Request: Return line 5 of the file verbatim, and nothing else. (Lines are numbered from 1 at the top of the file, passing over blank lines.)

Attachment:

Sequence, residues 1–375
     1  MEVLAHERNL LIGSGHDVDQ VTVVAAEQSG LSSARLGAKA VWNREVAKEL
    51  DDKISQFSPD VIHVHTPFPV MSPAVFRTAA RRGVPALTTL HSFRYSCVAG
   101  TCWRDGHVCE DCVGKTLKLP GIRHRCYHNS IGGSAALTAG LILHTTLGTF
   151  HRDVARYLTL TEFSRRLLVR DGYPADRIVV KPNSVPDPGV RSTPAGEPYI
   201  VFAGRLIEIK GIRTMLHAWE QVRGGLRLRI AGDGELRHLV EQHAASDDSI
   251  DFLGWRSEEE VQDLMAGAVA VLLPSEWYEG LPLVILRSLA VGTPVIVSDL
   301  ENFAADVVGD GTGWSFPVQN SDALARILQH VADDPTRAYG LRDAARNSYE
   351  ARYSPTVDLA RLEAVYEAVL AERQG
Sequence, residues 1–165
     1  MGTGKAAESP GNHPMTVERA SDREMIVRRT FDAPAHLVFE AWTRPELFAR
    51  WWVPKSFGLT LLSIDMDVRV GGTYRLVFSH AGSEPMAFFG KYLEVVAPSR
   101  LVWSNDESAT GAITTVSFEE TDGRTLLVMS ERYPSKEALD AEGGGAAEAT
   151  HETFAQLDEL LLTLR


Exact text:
   151  HRDVARYLTL TEFSRRLLVR DGYPADRIVV KPNSVPDPGV RSTPAGEPYI